And so the Presidency of Joe Biden begins. It is beautiful and telegenic — the rippling flags on the Mall and the ranks of National Guard making a striking image. The latter should have been unnecessary: This isn’t a peaceful transfer of power, but a transfer nonetheless, and a patriotic event in spite of everything. I appreciate Sen. Blunt’s gracious and appropriate remarks, acknowledging the unconscionable threat to democracy posed by the rioters, and honoring and even celebrating the result of democratic processes.
The change of tone, the honorable use of the bully pulpit, will be such a vast difference we will hardly know how to receive it. (The absence of Trump from the usual media megaphones is palpable, isn’t it?) Biden is stubborn about appealing to unity, even while acknowledging that it sounds like a fantasy. I suppose that’s his duty. Nonetheless, he spoke of “lies, lies told for power and for profit.” Unity doesn’t mean losing discernment. Biden is where he is because he walks that line. He’ll get no allowance in the arenas of social media, where having two ideas in mind at a time is suspect. Fortunately he pays no attention.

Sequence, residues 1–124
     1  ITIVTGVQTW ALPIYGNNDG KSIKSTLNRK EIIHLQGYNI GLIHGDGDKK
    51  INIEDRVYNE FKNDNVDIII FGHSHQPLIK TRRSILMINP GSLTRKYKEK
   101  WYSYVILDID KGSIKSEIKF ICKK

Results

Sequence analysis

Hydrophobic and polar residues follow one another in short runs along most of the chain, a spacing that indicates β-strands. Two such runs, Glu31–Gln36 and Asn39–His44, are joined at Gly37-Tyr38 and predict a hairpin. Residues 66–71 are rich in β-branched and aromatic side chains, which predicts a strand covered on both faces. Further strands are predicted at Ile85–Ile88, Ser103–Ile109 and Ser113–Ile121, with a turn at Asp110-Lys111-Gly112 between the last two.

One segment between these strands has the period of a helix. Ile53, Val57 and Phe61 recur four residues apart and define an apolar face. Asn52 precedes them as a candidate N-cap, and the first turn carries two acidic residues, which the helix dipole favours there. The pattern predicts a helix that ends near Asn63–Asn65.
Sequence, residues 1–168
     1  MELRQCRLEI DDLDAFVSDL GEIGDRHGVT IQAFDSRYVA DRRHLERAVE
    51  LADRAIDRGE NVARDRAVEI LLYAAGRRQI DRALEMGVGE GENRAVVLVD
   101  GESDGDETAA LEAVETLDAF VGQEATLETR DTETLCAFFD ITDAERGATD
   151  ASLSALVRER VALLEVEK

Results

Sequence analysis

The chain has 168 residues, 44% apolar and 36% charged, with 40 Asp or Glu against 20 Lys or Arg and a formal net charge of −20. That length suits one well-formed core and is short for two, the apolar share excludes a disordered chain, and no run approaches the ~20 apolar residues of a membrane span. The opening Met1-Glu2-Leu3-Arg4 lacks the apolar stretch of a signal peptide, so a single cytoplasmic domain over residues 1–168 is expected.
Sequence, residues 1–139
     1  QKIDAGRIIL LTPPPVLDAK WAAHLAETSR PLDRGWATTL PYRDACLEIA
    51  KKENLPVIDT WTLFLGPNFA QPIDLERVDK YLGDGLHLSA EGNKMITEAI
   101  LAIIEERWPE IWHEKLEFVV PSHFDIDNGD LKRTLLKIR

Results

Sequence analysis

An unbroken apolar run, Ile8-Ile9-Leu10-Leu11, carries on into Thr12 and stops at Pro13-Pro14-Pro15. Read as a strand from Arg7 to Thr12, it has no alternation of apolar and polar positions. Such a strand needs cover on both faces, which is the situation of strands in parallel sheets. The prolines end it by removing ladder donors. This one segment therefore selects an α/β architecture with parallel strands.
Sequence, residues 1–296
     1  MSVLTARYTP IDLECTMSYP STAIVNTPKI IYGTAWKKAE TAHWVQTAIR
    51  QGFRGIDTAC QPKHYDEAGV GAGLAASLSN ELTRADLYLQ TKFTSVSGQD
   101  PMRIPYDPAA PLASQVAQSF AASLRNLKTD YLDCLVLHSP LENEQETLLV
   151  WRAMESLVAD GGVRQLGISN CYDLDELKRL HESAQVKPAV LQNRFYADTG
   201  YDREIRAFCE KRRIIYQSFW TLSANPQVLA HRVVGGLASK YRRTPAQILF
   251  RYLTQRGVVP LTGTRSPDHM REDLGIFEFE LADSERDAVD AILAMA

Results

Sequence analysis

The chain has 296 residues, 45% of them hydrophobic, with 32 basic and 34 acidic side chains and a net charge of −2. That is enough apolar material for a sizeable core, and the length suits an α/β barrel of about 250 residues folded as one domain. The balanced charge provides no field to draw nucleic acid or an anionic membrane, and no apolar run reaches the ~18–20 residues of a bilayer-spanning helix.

Biden has shown himself to be more impressive than I would have expected: More resilient, more temperate — but also bolder when necessary, when the facts demand it. “It’s time for boldness”, he says, exhorting the public to move forward in ways that he’s already demonstrating. His kind of expansive, hopeful decency is the way out.
Onward, not a moment too soon.
I particularly appreciate his repeated emphasis on the climate crisis and the need to acknowledge and address the long stain of systemic racism. Two challenges I hope he can face head on without delay as we also tackle the challenges of this pandemic. All three are linked together.
Steve Consilvio says
I agree. Biden has given the GOP an opportunity for redemption. I pray they take it, both for themselves and for everyone. We may well be watching FDR II taking shape. When you hit rock bottom, there is nowhere to go but up.